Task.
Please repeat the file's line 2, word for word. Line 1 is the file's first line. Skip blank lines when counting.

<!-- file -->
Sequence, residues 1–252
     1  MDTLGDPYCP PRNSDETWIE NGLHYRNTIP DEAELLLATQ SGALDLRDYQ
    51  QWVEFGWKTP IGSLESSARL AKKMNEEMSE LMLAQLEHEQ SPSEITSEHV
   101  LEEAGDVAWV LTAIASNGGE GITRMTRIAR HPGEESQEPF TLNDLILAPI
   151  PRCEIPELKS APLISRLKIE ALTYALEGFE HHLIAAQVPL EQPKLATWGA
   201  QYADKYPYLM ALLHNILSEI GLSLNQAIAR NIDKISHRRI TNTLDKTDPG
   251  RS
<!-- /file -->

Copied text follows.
     1  MDTLGDPYCP PRNSDETWIE NGLHYRNTIP DEAELLLATQ SGALDLRDYQ